Welcome back! When I last left you, we were discussing drawing lines, making those vital, personal decisions regarding what prepackaged foods we would and would not consider safe to consume.
Did you bring your bowl and spoon? How about your running shoes, a little more of that rum, and a GF antacid tablet? It’s time to follow our grains on a nail-gnawing trip to the manufacturing plant, while keeping a sharp eye out for sources of cross-contact. Here, we may either be having breakfast, or making a fast break from prepackaged foods altogether (that’s where the running shoes and the antacid tablet come in).
The rum? That’s just for you, my friend. Because I believe in you.
And because you may need it. Trust me on this one.
When your grains, certified gluten-free or questionably otherwise, are transported from their farms and mills of origin, they begin their long trek from the big-name company’s manufacturing facility to that neat sleeve of shortbread cookies or that colorful box of rosemary crackers in your pantry.
There are basically two types of facilities in which your food could potentially be processed: a dedicated gluten-free facility, or a shared one (the far more common of the two). Both have standards in place and guidelines to follow in order to either be certified or to ensure the quality of their products on their own. Between the rules established and the ones observed, however, there is a lot of gray area. It is within that gray that we as consumers with celiac disease must draw our own lines.
A “shared facility” is exactly what it sounds like: a place of manufacturing that produces both gluten-containing and gluten-free products. It is primarily from the shared facility that so many potential issues of cross-contact arise. Some facilities manufacture their gluten-free products in different areas of the facility than their gluten-containing ones. Some use the same areas, but have cleaning procedures in place for decontaminating their processing equipment between production runs. We hope that these procedures are enforced, that they are thorough, and that the product emerging from the far end of the line is safe for a celiac patient to consume… but most of the time, I personally would not be staking my health on an alleged gluten-free toaster pastry.
No matter how many sumptuous, enticing sprinkles it may have on it, calling out to me like glittering, sugary sirens to a starving gluten-free sailor…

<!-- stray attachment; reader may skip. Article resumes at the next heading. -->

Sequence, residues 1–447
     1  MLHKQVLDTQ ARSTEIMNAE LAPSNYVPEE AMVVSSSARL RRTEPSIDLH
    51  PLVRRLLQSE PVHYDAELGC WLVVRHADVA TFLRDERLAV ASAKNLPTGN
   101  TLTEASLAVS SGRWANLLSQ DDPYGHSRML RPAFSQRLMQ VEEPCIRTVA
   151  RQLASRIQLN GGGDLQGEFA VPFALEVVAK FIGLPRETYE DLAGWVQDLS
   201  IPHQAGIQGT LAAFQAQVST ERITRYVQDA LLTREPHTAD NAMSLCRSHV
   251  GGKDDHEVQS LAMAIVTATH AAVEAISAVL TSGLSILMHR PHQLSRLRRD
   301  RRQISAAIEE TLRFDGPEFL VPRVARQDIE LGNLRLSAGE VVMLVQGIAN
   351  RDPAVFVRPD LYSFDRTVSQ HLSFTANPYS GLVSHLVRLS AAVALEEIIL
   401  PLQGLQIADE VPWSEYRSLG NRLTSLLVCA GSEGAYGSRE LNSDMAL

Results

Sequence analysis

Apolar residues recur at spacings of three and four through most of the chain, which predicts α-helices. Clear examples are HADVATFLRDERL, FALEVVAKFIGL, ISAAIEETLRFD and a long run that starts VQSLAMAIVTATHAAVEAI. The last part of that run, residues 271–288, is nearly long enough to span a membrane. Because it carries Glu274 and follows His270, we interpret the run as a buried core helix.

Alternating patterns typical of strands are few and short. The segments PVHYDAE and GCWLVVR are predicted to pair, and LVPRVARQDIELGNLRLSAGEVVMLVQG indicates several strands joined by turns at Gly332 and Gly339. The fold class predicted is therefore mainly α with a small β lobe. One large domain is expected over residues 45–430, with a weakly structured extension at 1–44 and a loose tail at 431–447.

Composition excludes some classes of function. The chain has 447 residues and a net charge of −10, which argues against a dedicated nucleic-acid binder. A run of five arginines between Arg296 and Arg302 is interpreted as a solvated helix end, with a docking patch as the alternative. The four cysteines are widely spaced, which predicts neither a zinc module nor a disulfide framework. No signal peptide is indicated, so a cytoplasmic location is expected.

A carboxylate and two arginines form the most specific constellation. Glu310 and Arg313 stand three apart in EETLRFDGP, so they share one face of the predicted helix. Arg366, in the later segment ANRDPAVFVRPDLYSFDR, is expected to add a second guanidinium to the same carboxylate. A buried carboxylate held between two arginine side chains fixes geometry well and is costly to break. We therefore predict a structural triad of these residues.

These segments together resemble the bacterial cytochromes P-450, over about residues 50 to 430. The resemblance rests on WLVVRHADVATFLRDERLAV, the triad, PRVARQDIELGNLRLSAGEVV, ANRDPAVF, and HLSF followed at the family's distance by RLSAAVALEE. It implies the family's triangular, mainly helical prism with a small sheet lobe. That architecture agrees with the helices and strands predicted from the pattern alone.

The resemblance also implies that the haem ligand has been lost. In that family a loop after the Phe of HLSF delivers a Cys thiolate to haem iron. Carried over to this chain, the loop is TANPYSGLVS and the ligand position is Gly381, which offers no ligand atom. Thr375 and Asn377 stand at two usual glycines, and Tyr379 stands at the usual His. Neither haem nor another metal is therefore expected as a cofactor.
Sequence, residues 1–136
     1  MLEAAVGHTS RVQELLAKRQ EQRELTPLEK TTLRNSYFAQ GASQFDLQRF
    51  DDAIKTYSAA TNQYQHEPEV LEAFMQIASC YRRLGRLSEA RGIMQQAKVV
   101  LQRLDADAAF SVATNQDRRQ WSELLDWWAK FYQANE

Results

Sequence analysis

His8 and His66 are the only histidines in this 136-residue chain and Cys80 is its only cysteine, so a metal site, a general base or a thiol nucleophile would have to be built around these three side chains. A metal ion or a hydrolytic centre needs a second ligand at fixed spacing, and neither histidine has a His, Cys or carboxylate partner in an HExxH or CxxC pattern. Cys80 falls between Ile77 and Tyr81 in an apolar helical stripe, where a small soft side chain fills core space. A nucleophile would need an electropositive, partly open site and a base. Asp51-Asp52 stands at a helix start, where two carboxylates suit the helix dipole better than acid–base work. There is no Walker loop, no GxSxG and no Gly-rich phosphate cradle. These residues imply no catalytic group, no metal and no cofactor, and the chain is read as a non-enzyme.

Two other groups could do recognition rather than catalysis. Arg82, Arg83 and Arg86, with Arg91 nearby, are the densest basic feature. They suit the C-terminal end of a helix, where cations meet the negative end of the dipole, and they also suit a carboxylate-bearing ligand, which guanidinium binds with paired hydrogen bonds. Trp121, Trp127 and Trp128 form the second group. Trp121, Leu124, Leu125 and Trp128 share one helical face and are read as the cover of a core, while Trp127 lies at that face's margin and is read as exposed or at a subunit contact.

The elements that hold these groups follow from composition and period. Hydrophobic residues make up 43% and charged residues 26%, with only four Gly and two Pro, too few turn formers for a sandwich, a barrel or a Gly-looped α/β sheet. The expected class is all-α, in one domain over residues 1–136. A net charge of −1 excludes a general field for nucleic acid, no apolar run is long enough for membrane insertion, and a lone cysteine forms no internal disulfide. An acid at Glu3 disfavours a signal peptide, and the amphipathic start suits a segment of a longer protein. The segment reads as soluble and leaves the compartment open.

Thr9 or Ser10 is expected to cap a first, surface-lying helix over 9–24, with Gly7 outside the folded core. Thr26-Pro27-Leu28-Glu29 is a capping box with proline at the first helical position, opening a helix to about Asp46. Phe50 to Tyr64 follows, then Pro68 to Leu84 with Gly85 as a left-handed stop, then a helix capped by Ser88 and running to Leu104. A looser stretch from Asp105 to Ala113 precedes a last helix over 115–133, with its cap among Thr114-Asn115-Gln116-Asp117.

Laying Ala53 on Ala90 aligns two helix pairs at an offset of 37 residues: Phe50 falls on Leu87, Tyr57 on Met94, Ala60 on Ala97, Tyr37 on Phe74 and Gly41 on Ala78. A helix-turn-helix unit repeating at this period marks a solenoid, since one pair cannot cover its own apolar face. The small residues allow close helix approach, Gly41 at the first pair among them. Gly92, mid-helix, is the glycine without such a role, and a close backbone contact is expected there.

NO! FRESH PRODUCE. LEAFY GREENS.
Focus, Lex. Focus. Eyes on the prize. Good health is hard to come by these days.
Processed foods are tempting, especially ones triggering nostalgic responses, ones that you did not get to “say goodbye” to, so to speak. But even with these (farewell, sweet toaster pastry…), we must each be especially wary of precautionary labeling. I speak from experience when I say that there is nothing worse than indulging in something you have sorely missed only to (literally) sorely suffer for weeks afterward because the product was cross-contaminated; to set yourself back because of a moment of temptation. No matter what the cash-hungry major corporations claim about the safety of the goodie they are counting on your wayward heart to purchase, that treat is not worth your health.
Back in the shared manufacturing facility, the major risks your food is going to encounter include the use of shared equipment (everything from the smallest spatula, to baking trays, to the belt on the entire production line itself), the procedures used to clean this equipment, the complications surrounding the scheduling of “runs” of gluten-free products around gluten-containing ones, and the insidious horror of airborne gluten.
Airborne gluten? What is this frightening, outbreak-style threat you speak of, you may be asking yourself. I am picturing a huge red biohazard symbol and a deafening siren blaring, you may be saying. I see red flashing lights. And maybe a few escaped, frenzied, infectious monkeys…
Whoa, calm down, I would tell you, raising my hands before me. And then I would move in very close to you, my gaze darting back and forth, muttering conspiratorially under my breath, “Don’t calm down. Your reaction is actually quite appropriate…”
I think we are good on the monkeys, though. That’s not really a thing, in this case.
All joking aside, airborne gluten is a legitimate concern in shared manufacturing facilities. Think of what a mess one can make when baking at home. When measuring, mixing, and even dusting a bench to roll out some dough, inevitably there is somehow flour everywhere. When cooking with flour, this light, easily agitated ingredient gets on everything. It also gets up your nose. Not because you put it there (…one hopes). Because it is easily made airborne.
Gluten settling out of the air after a massive manufacturing procedure is going to get everywhere, too. And on everything. Most times, we are hoping and praying our gluten-free products have been sealed up tight before this can happen, or that the lines used for their production have been cleaned thoroughly after this dust has been given time to settle out of the air again. This can take a while, however. And many busy manufacturers, unfortunately, do not have that long to wait.